Friday, 21 October 2011

Taking to the streets of Melbourne.

Today started being awoken by a phone call.  It wasn't particularly early, but I had been indulging my natural night owl tendencies and had gone to bed at about 2am.  My friend was calling to ask me about comparative wage justice in light of the discussion about the Tax Commissioner using it as justification for the 58% pay increase he is seeking.  You can read the story in The Age here.  His claim may or may not be justified, but it's hard to take it seriously in light of the 3% increase he is offering his own workforce.

After offering my sleepy take on the issue of the day, I turned on the radio to hear the news about the death of Gaddafi.  Except I heard about celebration in Libya before I heard what was causing the celebration.

And then over my porridge, I heard the Lord Mayor of Melbourne, Councillor Robert Doyle, advise that people participating in the Occupy Melbourne protest were being issued with eviction notices with a 9am deadline to leave City Square.  Among the reasons he gave was that it wasn't fair for protesters to inconvenience the public who wish to use the square.  He also cited a negative impact on business.

I had only a vague awareness of the occupation protests in many cities and was not really aware of what was happening in Melbourne until I'd heard the Lord Mayor forget his PR training on the radio earlier in the week and have a go at one of the protesters who called in.  Now, along with the rest of Melbourne and the country, I'm very aware.  I've trawled through their website.  There's some predictable stuff there.  I found the minutes of "Melbourne's first general assembly" quite fascinating.  The revolutionary language makes it easy to skim through it and write if off as cliche, but what really shines through is the idealism.  I love the fact that there's a free shop, a kitchen, a school and some responsibility taken for creating a thoughtful community.  For example:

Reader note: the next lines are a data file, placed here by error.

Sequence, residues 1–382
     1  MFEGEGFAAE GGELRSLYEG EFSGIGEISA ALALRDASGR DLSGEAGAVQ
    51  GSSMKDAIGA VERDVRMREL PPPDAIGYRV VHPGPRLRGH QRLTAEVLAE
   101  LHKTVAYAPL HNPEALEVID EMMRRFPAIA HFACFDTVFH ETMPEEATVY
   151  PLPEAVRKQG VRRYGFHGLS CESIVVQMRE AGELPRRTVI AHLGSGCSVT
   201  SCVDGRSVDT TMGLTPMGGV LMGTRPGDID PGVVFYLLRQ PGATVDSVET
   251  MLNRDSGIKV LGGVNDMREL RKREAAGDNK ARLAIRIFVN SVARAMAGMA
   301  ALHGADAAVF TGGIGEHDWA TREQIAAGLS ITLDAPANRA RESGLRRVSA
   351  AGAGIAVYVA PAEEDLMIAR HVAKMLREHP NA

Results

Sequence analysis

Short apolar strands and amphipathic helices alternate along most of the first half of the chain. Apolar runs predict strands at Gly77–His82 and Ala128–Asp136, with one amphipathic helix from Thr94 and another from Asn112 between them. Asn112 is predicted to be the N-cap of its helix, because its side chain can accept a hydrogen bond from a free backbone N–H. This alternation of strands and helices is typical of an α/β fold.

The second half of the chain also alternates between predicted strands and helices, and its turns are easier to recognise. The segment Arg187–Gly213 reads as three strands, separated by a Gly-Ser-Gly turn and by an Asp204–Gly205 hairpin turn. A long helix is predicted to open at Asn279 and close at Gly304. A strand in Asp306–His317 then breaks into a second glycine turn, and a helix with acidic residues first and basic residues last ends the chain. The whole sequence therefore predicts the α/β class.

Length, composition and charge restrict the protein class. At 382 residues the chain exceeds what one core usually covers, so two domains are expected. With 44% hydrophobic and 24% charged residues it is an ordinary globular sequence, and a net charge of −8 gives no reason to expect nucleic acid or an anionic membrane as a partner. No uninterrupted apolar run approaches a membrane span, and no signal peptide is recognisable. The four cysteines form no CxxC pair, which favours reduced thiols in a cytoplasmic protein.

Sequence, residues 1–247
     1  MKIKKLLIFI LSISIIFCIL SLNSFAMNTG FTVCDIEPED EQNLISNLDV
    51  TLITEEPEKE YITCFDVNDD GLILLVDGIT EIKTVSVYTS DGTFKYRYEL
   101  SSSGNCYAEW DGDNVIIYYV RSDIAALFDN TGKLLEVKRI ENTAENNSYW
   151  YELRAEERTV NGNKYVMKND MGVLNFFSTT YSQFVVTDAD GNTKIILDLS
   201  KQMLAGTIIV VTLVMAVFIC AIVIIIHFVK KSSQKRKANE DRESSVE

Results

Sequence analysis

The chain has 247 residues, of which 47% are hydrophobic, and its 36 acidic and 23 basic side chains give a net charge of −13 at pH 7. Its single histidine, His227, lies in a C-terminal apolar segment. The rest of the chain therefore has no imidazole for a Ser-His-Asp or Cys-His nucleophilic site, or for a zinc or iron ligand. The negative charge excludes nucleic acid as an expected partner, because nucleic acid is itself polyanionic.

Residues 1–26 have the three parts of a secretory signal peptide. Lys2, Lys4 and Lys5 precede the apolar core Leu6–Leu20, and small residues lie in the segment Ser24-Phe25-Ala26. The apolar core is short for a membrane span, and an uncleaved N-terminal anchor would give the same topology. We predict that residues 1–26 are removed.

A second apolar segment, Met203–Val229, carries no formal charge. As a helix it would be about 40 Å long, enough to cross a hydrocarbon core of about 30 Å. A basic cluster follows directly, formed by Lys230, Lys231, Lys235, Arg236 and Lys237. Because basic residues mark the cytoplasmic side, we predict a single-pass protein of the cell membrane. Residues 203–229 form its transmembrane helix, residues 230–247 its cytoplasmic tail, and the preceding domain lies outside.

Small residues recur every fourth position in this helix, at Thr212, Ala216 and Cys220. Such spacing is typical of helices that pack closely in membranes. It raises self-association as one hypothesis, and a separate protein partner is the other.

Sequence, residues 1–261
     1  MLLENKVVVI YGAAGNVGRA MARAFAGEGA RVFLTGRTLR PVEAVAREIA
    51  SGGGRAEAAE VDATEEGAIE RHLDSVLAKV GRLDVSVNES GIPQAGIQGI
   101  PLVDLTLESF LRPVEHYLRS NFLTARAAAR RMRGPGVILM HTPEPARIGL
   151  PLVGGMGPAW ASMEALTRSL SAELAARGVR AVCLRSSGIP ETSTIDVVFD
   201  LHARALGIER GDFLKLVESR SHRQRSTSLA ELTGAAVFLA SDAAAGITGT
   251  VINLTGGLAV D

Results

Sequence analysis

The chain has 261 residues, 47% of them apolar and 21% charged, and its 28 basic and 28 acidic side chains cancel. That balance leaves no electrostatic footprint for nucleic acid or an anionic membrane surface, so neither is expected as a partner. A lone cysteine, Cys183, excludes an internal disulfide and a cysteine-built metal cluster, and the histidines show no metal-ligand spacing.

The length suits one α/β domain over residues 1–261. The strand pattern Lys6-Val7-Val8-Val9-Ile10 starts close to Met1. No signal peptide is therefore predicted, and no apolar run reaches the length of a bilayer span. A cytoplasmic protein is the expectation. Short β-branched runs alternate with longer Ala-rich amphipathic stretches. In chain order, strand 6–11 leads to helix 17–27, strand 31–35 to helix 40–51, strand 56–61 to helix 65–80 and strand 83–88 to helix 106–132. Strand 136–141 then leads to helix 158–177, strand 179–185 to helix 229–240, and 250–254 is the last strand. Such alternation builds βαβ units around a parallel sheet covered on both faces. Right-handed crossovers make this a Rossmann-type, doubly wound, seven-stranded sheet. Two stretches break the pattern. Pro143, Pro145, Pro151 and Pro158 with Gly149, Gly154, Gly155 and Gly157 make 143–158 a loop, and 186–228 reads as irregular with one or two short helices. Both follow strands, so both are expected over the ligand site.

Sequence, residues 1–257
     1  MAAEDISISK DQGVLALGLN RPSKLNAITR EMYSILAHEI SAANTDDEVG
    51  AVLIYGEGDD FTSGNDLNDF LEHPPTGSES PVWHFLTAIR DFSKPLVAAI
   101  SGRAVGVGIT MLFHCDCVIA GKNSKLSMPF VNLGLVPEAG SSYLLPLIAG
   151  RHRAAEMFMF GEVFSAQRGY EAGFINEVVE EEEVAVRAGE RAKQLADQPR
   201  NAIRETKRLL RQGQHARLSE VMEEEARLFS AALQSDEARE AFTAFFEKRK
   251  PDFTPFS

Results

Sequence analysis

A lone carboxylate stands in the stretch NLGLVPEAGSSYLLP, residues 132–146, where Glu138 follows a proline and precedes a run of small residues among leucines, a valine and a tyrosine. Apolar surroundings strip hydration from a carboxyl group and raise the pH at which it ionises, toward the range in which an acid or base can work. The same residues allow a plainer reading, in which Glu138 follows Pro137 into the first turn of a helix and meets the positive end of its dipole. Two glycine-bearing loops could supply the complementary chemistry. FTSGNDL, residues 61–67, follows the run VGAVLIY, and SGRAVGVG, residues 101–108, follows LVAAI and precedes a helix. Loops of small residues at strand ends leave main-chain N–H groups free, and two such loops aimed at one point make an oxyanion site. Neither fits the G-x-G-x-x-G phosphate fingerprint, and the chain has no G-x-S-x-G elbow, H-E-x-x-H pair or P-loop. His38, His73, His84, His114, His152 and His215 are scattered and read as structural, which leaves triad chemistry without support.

• That  homeless people are welcome at occupy Melbourne and have access to any of our resources.
  • That this action is endorsed as a nonviolent action; and that we take communal responsibility to reinforce this.
  • $242 raised for Philippines striking workers during course of meeting.

 It's also interesting to note the areas where there was a lack of consensus.  There were many:

  • That Occupy Melbourne has a ‘no buying; no selling’ policy’.  Result: consensus not achieved.  Referred back to individual.
  • That people identify when they speak for themselves, when they are speaking for a political party or a group.  Result: consensus not achieved.
  • We are against capitalism.  Result: consensus not reached. 

I found the last one a little surprising.  Any wonder it has been difficult to work out exactly what the objective of the protest is.

Then I heard on the radio that the police had arrived in riot gear with horses and dogs and the eviction was on.  Fences were being erected around the City Square and the tent city was being dismantled. My heart sank.  People would probably be hurt.  The disobedient rebel in me secretly rallied around the protesters in the face of the ridiculous stance taken by the Mayor but it was in heated argument with the person who believes passionately in the power and value of conversation.

I decided to go into town and see for myself.  I'm glad I did.

The Mayor's objective to give public space back to the public at large and remove inconvenience sounded like a joke when considered in light of the chaos at the Swanston and Collins Street intersection.  Trams were not moving on these two main city thoroughfares.  The Yarra Trams worker at the Collins Street stop told me at about 1pm that the trams hadn't been going for over three hours.  Instead of the protest being relatively contained in the City Square, it was now in the streets facing off against police.  Meanwhile, City Square sat empty, surrounded by fences, security guards and police.
The intersection of Collins Street and Swanston Street in Melbourne city.  On the left the mounted police can be seen.
Burke and Wills watch over the stand off between police and protesters.

Up close and personal - police keep bystanders off the street and away from the main body of protesters.